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TYPE SPECIFIC POLYSACCHARIDE SKIN TEST IN SERUM THERAPY OF PNEUMONIA:  CLINICAL LECTURE AT ST. LOUIS SESSION

JOSEPH C. EDWARDS, M.D.; CHARLES L. HOAGLAND, M.D.; LAWRENCE D. THOMPSON, M.D.
JAMA. 1939;113(21):1876-1880. doi:10.1001/jama.1939.72800460002009.
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The application of the intracutaneous test with type specific pneumococcic polysaccharide as a guide in serum therapy rests on a basis as sound theoretically as that of the Schick test in the measurement of dermal resistance to diphtheria toxin. In the case of the pneumococcus polysaccharide a positive reaction indicates resistance to the pneumococcus, while in the Schick test a positive reaction is indicative of a lack of such resistance. In either case, however, dermal reactivity is used as a criterion of the immune status of the whole organism.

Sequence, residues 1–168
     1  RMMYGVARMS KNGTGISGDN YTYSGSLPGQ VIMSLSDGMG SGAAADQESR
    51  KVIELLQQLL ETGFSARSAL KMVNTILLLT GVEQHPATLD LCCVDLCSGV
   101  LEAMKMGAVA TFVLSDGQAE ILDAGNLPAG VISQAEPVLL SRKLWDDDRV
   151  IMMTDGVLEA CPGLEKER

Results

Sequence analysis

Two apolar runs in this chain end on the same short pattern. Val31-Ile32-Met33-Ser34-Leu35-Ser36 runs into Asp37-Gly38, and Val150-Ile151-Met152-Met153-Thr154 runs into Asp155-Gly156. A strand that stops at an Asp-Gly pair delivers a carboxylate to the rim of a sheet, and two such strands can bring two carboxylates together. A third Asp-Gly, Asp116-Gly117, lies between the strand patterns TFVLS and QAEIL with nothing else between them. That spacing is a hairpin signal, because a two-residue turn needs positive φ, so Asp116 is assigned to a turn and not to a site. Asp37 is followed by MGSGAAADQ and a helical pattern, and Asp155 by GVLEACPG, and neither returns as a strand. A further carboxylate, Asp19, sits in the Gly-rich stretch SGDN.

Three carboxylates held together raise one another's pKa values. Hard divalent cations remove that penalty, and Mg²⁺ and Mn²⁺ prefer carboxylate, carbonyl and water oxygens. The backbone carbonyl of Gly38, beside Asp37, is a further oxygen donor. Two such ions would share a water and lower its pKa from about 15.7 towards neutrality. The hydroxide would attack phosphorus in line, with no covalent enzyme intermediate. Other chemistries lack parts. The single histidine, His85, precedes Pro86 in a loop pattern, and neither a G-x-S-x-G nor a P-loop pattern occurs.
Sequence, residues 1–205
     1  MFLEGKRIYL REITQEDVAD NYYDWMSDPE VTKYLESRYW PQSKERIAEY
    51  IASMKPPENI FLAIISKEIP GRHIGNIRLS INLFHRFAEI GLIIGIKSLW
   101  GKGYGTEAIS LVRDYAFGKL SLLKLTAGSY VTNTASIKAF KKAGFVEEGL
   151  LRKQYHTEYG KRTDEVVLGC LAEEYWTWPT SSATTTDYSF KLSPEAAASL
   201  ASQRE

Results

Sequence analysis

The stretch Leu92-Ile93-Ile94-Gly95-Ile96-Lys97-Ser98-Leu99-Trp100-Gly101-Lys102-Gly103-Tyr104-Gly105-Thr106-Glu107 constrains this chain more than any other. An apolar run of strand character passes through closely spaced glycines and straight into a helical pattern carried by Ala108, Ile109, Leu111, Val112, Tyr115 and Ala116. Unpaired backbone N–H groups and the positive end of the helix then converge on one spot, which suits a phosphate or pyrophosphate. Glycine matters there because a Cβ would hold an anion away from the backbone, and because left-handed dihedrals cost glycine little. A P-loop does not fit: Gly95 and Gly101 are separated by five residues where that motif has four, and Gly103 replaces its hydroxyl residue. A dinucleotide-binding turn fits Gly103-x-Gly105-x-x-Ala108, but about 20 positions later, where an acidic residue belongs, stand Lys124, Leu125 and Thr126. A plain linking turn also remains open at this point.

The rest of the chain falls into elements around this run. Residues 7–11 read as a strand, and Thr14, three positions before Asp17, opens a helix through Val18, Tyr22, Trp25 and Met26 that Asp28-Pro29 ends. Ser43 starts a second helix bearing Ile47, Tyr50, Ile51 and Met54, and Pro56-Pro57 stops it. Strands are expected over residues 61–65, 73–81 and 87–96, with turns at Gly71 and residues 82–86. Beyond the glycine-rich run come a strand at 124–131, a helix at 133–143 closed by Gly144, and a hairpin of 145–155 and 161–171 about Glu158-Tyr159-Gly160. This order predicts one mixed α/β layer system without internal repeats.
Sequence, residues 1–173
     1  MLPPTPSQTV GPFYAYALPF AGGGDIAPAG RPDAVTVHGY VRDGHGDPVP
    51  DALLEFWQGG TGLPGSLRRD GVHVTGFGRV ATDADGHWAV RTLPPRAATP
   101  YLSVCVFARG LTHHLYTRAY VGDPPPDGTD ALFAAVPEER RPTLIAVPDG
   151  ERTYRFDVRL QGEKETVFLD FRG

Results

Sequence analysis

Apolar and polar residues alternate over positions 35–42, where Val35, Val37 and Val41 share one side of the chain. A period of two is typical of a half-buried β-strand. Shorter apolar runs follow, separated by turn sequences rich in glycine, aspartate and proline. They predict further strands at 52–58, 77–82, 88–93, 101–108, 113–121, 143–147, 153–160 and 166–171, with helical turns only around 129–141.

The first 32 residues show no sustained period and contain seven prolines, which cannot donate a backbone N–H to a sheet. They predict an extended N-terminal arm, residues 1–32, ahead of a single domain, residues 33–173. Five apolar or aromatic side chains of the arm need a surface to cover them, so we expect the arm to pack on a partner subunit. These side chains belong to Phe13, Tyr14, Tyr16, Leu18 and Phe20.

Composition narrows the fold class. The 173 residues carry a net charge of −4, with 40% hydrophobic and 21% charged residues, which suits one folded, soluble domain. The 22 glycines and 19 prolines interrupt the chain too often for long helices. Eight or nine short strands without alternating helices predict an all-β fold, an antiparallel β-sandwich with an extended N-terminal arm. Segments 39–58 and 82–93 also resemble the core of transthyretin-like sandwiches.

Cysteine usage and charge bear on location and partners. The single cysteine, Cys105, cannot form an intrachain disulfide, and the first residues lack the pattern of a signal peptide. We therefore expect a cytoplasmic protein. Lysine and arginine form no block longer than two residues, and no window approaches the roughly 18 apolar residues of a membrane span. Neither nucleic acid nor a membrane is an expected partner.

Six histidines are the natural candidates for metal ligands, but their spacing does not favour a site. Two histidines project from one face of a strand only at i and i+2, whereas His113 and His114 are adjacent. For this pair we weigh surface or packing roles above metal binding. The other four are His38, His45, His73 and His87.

That pneumococci are not alike was an observation made in 1897 by Bezançon and Griffon,1 who reported serologic differences among morphologically indistinguishable pneumococci. Briefly, the intact pneumococcus cell may be considered to exist as a body, or soma, of bacterial protein, surrounded by a discrete capsule consisting of a carbohydrate substance of relatively complex structure. When released from the intact

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